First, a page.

Historic Richmond Town is an authentic town and farm museum complex in the neighborhood of Richmondtown, Staten Island, in New York City. It is located near the geographical center of the island, at the junction of Richmond Road and Arthur Kill Road. Staten Island Historical Society and Historic Richmond Town are two different names for the same organization, reflecting its long history and evolution.
The original settlement of Richmond Town was known as Cocclestown in the 1690s due to an abundace of oyster shells. The town was later named Richmond Town in the early 18th century when it was formerly a county seat and commercial center, having contained the former courthouse of Richmond County, and is coterminous with the borough of Staten Island. People who lived in Richmond Town were mostly of Dutch, English, or French descent, and the most common jobs were those of blacksmiths, shoemakers, and other craftsman types. British troops were stationed in Richmond Town during the American Revolution.
Historic Richmond Town consists of more than 30 historic buildings and sites dating from the late 17th to the early 20th centuries. Decker Farm, located about one mile from the center of Historic Richmond Town, features a farm stand and seasonal activities such as pumpkin picking. The site also contains other former commercial and government buildings, as well as farm buildings and homes, some of which were relocated from other parts of Staten Island.
The creation of the museum site at Historic Richmond Town was the result of efforts by many Staten Islanders, led by local historians and preservationists: Loring McMillen, William T. Davis and local banker David L. Decker. Fueled by the same depression-era passion for historic preservation which resulted in the creation of Colonial Williamsburg, these men wanted to create a testament to Staten Island's rich history in an era of rapid development and urban sprawl.
Established in 1958, Historic Richmond Town is a joint project of the Staten Island Historical Society, an independent nonprofit cultural organization, and the City of New York, which owns the land and the buildings and supports part of its operations with public funds from the Department of Cultural Affairs.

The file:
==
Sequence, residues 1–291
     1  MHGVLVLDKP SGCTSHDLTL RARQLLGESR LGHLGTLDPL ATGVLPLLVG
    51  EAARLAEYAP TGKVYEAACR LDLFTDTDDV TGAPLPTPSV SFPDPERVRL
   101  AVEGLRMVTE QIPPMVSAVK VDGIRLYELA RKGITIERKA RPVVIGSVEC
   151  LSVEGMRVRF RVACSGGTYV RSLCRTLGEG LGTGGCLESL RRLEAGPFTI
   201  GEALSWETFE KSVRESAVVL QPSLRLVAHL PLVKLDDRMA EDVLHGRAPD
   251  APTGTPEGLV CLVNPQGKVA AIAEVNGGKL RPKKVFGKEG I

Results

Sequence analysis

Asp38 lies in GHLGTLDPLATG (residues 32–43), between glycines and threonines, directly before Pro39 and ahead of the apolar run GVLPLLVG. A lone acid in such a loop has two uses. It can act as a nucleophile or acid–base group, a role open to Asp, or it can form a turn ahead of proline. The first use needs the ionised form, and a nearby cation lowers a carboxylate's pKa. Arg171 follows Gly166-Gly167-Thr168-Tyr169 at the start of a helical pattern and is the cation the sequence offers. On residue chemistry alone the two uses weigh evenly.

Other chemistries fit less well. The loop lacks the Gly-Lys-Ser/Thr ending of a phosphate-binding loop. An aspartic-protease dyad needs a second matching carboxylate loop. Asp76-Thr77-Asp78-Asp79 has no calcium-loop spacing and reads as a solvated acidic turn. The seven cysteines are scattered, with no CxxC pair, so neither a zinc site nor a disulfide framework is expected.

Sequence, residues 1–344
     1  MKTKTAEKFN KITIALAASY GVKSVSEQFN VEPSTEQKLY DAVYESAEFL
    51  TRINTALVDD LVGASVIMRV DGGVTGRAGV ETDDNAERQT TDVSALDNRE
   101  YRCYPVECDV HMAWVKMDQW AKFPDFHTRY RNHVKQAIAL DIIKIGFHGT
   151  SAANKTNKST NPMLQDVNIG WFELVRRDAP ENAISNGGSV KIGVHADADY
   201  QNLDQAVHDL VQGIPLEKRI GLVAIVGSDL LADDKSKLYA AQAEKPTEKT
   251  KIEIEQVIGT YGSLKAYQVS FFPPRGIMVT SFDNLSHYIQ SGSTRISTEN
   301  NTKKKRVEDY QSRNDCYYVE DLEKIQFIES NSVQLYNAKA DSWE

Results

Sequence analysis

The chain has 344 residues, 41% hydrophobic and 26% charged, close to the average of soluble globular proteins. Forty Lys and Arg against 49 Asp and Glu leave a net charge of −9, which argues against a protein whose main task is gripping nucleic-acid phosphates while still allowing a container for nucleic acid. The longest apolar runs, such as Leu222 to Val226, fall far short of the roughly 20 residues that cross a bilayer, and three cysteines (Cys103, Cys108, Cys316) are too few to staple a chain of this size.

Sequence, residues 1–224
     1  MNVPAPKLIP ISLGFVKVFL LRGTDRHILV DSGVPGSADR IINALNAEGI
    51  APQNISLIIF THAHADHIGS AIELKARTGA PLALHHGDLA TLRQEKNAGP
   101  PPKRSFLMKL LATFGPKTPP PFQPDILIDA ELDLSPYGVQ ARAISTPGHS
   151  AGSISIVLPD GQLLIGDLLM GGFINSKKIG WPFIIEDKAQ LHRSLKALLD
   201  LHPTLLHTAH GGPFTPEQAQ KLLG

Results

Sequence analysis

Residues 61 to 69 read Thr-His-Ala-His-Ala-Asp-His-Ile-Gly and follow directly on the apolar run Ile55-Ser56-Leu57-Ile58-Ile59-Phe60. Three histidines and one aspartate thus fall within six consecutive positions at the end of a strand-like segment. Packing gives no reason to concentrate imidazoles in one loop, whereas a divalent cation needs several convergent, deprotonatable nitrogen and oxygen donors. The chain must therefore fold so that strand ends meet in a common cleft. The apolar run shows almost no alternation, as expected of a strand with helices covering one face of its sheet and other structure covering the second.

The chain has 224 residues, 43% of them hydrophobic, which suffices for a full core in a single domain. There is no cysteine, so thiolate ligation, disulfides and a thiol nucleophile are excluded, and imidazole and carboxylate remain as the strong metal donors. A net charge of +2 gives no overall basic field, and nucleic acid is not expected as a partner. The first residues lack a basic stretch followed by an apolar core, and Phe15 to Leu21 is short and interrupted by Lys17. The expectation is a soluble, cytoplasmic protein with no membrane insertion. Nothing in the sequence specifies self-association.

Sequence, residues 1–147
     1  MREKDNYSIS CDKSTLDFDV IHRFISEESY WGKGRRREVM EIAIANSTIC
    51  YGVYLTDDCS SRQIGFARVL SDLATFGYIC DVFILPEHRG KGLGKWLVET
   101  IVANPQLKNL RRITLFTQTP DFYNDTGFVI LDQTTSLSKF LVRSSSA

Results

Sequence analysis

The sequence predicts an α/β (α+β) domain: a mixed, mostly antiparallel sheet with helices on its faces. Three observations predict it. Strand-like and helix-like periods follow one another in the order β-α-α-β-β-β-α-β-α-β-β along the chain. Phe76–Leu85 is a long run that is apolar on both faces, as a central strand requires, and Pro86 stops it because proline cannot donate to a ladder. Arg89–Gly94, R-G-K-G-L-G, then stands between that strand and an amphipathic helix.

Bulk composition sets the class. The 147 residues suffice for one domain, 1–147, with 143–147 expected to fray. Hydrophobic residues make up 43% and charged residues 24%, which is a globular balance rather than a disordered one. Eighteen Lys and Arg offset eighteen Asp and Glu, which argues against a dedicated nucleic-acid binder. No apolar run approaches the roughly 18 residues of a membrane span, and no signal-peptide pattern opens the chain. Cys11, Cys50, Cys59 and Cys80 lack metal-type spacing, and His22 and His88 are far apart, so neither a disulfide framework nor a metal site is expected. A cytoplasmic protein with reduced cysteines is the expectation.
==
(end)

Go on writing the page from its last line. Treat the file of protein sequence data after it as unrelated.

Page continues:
The main campus of Historic Richmond Town occupies 25 acres (100,000 m2) of a 100-acre (0.40 km2) site with 15 restored buildings, offering the opportunity to experience the lifestyle of a 300-year-old community. The two churches located outside the museum site are St. Andrew's Episcopal and St. Patrick's RC. A third church, the Reformed Dutch Church of Richmond, was demolished. Mount Richmond Cemetery, operated by the Hebrew Free Burial Association, is also adjacent to the site.
The purpose of this museum village is to make visitors feel as if they are living in the 19th century. Visitors are able to have a first-hand experience of what Historic Richmond Town once was.
Visitors may take a guided tour of various homes and shops that are fully furnished and restored to specific periods of interpretation; other buildings are in the process of being restored and are not yet open to the public. While Historic Richmond Town is no longer a year-round living history museum (as it was briefly in the 1980s), demonstrations of historic trades, crafts, and basic household activities by costumed museum interpreters take place during certain special events throughout the year and on a regular basis by reservation for visiting school groups. Special events that are open to the public include the Richmond County Fair, quilting classes, Tavern Concerts, Pumpkin Picking at Decker Farm (October), English Country Dancing, Old Home Day, Candlelight Tours, Traditional Dinners, and the Summer Apprenticeship Program.
The Voorlezer's House, dating to c. 1695, is the oldest exhibit as well as the oldest standing elementary school in the United States. Another exhibit to see is the Guyon-Lake-Tysen House, a Dutch Colonial farmhouse dating to c. 1740. The Christopher House, a restoration-in-progress which dates to c. 1720, features the only functioning jambless fireplace in New York City. Among the many structures are outstanding examples of Dutch Colonial and Greek revival architecture, such as The Stephens-Black House,
The John Bennett House, The Britton Cottage, the Crocheron House, the Boehm House, the Basket Maker's House and the Treasure House.
Historic Richmond Town is featured prominently in the documentary A Walk Around Staten Island with David Hartman and Barry Lewis, which profiles the history and culture of Staten Island. It premiered on December 3, 2007, on PBS member station WNET, and can be seen in its entirety on the companion website .
Richmond Town was featured in the third season of the television series Boardwalk Empire. A 1920s diner and gas station were constructed and shot on location. These sets were shown in the shows third season, which aired in fall of 2012 on HBO.
Visitors can reach Richmond Town via public transportation by taking the S74 Arthur Kill Road bus from the St. George Ferry Terminal. The ride from the ferry terminal takes about 37 minutes. The S54 Manor Road bus also provides local service on weekdays.